New study shows link between heavy drinking and atrial fibrillation

September 12, 2005

BOSTON -- A large-scale study led by researchers at Beth Israel Deaconess Medical Center (BIDMC) has found that heavy alcohol consumption - 35 or more drinks per week -- can significantly increase men's risk of developing atrial fibrillation, a dangerous type of arrhythmia and one of the leading risk factors for stroke.

Reported in the September 13, 2005 issue of Circulation, the findings - which showed that risk of this rapid, irregular heartbeat was as much as 45 percent higher among heavy drinkers than abstainers--also support the existence of what has come to be known as "holiday heart syndrome."

"Holiday heart syndrome refers to heart rhythm disturbances which develop while a person is on vacation or away from work, and appears to be linked to heavier-than-normal alcohol consumption," explains the study's lead author Kenneth J. Mukamal, MD, MPH, an internist in BIDMC's Division of General Medicine and Primary Care.

"Since our research found that the risk of developing atrial fibrillation begins to increase at about four drinks per day, and clearly goes up at five drinks per day, this would seem to confirm what has long been suspected regarding periods of significant alcohol consumption, like during vacations."

Atrial fibrillation develops when muscles in the heart's upper chambers contract too quickly, resulting in an ineffective, irregular heartbeat. As a result, blood is not adequately pumped from the heart, and may pool and form clots. Blood clots that travel to the brain result in a stroke, and, indeed, statistics show that having atrial fibrillation results in a nearly five-fold increase in a person's stroke risk.

Using information obtained from the Copenhagen City Heart Study in Denmark, the researchers studied 16,415 individuals (7,588 men and 8,827 women) with an average age of 50. The study included the administering of routine electrocardiograms (ECGs) on three separate occasions between 1976 and 1994 to measure the hearts' electrical activity for each participant.

After adjusting for numerous factors including smoking, education, income, physical activity, body mass index, and diabetes, the researchers analyzed data concerning the participants' consumption of alcohol (beer, wine or spirits).

The researchers documented 1,071 cases of atrial fibrillation during the study period.

"Our results showed that the risk of developing irregular heart beat was similar among both non-drinkers and individuals who drank fewer than 14 drinks per week," explains Mukamal, who is also an Assistant Professor of Medicine at Harvard Medical School.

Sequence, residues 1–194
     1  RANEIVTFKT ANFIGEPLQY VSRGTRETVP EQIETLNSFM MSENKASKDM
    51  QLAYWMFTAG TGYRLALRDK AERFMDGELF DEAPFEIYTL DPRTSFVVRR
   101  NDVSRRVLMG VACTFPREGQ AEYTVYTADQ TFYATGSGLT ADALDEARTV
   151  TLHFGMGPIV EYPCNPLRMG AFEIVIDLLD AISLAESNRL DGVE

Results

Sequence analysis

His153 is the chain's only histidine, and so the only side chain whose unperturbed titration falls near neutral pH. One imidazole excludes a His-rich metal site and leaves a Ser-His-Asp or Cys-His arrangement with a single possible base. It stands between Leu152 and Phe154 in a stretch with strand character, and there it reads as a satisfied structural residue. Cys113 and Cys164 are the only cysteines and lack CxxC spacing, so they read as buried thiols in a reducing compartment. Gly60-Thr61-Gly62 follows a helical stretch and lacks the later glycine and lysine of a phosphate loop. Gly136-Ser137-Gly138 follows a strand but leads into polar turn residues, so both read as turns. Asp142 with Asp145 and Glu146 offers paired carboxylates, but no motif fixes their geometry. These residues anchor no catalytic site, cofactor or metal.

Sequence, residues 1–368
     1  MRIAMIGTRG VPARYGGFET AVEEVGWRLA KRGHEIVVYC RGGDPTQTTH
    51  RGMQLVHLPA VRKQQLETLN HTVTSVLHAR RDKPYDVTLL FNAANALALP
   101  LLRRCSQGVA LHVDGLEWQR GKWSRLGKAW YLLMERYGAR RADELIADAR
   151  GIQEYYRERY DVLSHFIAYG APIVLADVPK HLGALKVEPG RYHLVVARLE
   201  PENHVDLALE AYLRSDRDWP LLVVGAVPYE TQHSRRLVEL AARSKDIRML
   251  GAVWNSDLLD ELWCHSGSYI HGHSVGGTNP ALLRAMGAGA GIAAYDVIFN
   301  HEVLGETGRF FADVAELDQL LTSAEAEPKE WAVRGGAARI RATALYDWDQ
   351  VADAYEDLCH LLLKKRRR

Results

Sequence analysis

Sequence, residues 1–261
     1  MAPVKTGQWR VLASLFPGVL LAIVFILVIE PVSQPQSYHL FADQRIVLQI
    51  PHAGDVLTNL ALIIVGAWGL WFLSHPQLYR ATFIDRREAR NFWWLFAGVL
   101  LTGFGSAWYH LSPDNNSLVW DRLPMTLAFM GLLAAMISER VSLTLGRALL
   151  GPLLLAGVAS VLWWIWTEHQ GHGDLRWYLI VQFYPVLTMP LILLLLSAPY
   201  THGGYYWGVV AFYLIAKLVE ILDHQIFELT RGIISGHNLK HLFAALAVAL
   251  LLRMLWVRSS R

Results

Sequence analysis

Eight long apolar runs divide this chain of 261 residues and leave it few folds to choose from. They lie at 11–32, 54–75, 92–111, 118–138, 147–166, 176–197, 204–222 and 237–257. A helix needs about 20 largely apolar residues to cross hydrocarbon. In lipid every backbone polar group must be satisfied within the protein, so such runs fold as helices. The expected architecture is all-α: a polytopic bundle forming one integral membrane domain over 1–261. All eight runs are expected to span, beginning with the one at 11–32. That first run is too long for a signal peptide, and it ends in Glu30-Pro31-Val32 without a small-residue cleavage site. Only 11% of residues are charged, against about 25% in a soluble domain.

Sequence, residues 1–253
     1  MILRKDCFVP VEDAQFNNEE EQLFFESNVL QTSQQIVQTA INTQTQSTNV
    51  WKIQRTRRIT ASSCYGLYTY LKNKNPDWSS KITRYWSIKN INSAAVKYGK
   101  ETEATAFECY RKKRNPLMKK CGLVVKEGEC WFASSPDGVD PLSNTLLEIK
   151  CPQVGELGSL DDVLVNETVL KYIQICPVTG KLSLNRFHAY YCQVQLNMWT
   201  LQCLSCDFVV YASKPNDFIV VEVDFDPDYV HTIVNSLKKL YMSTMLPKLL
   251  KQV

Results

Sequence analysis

"But among men who typically drank 35 or more alcoholic beverages per week, the risk of atrial fibrillation increased significantly, by 45 percent. [Because so few women in the study qualified as "heavy drinkers," the researchers did not see similar results among the female participants.]

"This was certainly the largest study of its type to examine this topic," he adds. "And while it is reassuring that moderate drinkers did not seem to have an increased risk of this hazardous heart rhythm, our findings provide yet more evidence of the risks of heavy drinking to the heart."

Study co-authors include the following researchers from the Center for Alcohol Research, National Institute of Public Health in Copenhagen, Denmark: Janne S. Tolstrup, MD, Jens Friberg, MD; Gorm Jensen, MD, Dr.M.Sci; and Morten Gornbaek, MD, PhD, Dr.M.Sci.
This study was funded by the National Board of Health, the Ministry for the Interior and Health, the Health Insurance Foundation, and the Danish Heart Foundation, all of Denmark.

Beth Israel Deaconess Medical Center is a patient care, teaching and research affiliate of Harvard Medical School, and ranks third in National Institutes of Health funding among independent hospitals nationwide. BIDMC is clinically affiliated with the Joslin Diabetes Center and is a research partner of Dana-Farber/Harvard Cancer Center. BIDMC is the official hospital of the Boston Red Sox. For more information, visit

Beth Israel Deaconess Medical Center

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